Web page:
View Full Version : Experiences with Ektapan 8x10 film?

Nick Morris
15-May-2004, 06:16
I recently acquired 100 sheets of Ektapan 8x10 sheet film. I was wondering if anyone has used this film on a regular basis, and if so, what rating, developer, and developing times seemed to work best for this film, in your experience. I usually use Tri-X in HC-110/B, process in trays, and primarily shoot people, places, and things outdoors in natural light. If you have used both films, are there significant differences in the results-shadows and highlights? Charts/graphs in Kodak's material show very different curves, but I really don't know how to interpert the graphs. All tips on using this film are appreciated. I got a good price on this outdated (1993), but kept-frozen film. I understand that Kodak has discontinued it, though B&H continues to show it in inventory. I plan to go back to Tri-X, or possibly HP-5 when this is used up. Thank you.

John D Gerndt
15-May-2004, 07:38
Without going into a long learning curve and because you have one old box to go through, I suggest the following: shoot a scene you know will turn out fine with Tri-X and HC-110. Shoot the same thing with your Ektapan (because of its age I would use 50% more exposure than Ektapan advises) and develop it the same way. You will get a bad negative. You have delt with bad negatives before: make the necessary adjustments.

With any luck you’ll have a good negative in 2 or 3 tries and the rest of the box is a go!


David A. Goldfarb
15-May-2004, 07:48
Ektapan is beautiful for studio portraits, and I'm sure it would be fine outdoors as long as you don't let the contrast ratio get out of control. I process it in ABC 1+1+1+7, 68 deg. F., with constant agitation by shuffling in trays, 10 minutes for normal contrast on Azo grade 2. I only use this for formal portraits where I can control contrast with lighting, so I haven't worked out N+ and N- times. It also retouches well with pencil in 8x10" and larger.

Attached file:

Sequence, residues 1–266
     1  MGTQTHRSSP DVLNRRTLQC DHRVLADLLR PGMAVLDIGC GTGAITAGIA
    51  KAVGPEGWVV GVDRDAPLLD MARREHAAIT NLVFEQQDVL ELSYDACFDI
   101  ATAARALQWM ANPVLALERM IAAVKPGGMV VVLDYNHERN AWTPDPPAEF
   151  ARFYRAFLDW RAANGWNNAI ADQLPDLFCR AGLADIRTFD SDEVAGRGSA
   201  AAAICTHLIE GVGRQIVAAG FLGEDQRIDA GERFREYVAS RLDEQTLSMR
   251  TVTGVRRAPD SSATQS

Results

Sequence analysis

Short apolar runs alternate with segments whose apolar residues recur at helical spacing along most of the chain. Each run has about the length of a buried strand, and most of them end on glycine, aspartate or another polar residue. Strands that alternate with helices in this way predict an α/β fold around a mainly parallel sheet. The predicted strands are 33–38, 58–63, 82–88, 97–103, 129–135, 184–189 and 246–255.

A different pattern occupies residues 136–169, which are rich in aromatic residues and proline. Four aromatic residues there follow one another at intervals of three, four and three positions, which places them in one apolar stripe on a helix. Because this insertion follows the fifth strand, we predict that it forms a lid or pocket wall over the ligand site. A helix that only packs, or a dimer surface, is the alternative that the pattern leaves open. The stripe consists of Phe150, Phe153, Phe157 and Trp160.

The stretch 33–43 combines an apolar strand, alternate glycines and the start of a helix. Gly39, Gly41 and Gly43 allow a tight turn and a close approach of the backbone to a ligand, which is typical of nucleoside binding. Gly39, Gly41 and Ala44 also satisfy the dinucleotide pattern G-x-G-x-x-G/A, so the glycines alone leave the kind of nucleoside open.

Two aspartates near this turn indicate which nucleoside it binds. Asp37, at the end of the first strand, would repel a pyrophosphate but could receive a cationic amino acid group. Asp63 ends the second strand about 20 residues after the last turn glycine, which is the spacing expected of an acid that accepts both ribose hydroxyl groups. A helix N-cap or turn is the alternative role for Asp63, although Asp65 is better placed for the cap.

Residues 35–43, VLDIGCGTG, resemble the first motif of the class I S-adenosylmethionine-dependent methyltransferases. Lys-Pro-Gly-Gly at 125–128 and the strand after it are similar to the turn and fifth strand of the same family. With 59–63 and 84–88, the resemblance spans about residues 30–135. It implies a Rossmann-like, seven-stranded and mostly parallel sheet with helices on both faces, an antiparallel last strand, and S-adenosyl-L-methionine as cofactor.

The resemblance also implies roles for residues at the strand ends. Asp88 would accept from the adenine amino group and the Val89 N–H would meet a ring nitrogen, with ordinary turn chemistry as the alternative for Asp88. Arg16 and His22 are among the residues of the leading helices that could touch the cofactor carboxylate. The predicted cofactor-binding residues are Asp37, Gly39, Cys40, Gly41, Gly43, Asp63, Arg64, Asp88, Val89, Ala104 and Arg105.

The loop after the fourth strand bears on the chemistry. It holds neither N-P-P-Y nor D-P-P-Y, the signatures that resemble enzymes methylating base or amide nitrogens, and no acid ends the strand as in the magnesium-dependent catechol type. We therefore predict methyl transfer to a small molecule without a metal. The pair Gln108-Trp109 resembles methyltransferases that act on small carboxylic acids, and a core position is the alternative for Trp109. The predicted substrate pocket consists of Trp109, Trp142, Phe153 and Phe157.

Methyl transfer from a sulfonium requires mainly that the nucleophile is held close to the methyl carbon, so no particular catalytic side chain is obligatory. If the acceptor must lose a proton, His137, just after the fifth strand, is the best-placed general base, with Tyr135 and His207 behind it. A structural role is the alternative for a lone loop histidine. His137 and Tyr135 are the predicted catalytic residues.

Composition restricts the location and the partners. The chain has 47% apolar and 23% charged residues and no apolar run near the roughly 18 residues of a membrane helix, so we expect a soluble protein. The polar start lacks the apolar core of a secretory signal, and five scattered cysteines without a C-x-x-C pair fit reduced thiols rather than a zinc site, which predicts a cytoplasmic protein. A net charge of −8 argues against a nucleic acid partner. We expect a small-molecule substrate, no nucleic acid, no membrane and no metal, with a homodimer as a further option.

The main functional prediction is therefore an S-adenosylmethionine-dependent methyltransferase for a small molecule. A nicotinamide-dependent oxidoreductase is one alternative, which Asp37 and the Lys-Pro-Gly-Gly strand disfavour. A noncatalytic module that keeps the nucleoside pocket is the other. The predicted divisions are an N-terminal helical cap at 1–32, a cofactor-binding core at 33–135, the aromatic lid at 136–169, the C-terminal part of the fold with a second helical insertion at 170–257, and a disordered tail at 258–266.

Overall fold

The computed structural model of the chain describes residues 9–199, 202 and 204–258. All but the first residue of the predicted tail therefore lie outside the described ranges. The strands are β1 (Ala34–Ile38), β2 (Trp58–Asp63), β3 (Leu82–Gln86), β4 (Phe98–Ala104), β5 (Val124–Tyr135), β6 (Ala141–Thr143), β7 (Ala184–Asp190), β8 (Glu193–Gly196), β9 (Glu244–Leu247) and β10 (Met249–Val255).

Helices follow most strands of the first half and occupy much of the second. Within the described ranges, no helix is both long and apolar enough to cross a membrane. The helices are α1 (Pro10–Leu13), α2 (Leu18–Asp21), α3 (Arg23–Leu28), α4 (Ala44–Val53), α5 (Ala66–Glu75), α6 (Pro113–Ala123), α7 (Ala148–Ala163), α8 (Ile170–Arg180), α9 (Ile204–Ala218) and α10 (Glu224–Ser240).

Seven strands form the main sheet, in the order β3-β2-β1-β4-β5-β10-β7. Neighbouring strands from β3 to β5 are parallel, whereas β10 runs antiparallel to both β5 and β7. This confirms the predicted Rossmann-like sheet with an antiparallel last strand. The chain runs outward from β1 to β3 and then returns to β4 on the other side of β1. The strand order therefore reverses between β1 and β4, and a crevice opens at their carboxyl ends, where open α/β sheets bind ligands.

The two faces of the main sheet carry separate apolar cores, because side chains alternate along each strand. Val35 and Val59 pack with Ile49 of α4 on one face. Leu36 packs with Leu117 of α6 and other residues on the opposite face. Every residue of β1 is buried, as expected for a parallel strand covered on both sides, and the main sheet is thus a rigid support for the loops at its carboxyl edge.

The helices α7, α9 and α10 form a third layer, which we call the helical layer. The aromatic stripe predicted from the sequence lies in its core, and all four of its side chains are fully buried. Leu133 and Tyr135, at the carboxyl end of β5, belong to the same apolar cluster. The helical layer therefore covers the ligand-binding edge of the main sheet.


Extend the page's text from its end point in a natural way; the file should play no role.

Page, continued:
I also shoot TXT, and go 12 min. in the same soup for normal results (Old TXT--haven't tried the new version in 8x10" yet) on Azo gr. 2.

I would say that with Ektapan there's more going on in the midtones and smoother gradation for portraits, while TXT conveys a stronger sense of line. I think of TXT as more suited to an Avedon portrait look (and he does shoot Tri-X), while EKP lends itself more of a Karsh look (not sure what he used--probably Tri-X as well, just to make life confusing).

David A. Goldfarb
15-May-2004, 07:49
P.S.--I rate EKP in ABC at EI 50 and TXT at EI 160.

Jim Rice
15-May-2004, 08:06
I thought Karsh used Verichrome.

Sidney Cammeresi
15-May-2004, 08:24
I have some Ektapan in 11x14. I shoot it at 50, and my normal development time in PMK is 8 minutes for contact printing to enlarging paper.

I don't know if it's particular to PMK or Pyro or what, and granted, I have not done lots of testing since I don't have much of the film either, but it seems like it has a very serious toe.

David A. Goldfarb
15-May-2004, 14:49
Verichrome Pan and Ektapan have a certain tonal affinity, so it wouldn't be surprising if Karsh used Verichrome Pan.

Sidney Cammeresi
15-May-2004, 17:37
Err, I misread my development time I posted above. For normal contrast, I develop Ektapan in PMK for 12-14 minutes.

Nick Morris
16-May-2004, 06:25
John, David, Jim, and Sidney - Thank you for your responses.

Scott Walton
17-May-2004, 07:11
I absolutely loved Ektapan even though it was almost twice the price. The tonal scale was superb and being that it was a lower contrast film and extremely fine grain, the film was excellent. I used it in studio and loved it so much that I ventured out and shot it on contrasty situations with excellent results (smooth tones with great ranges from deep rich shadows to sparkling highlights). It has been said that Ektapan replicated the tones of color. It's true! You'll love it and the developing too! If you like TXP, your going to love Ektapan, a very silver rich film, albeit a slower film. In 4x5, it is still available (you have to search) but it is around $90.USD/4x5 100 sheet box but it is worth it. Most any developer works great as I have used it with HC110B, D23, Divided D23, D76, Divided D76, Rodinal 1:100, Sprint (D76 equivalent), Diafine, Acufine and a few homebrews I tested out.

Nick Morris
17-May-2004, 15:56
Scott, Thank you for your response.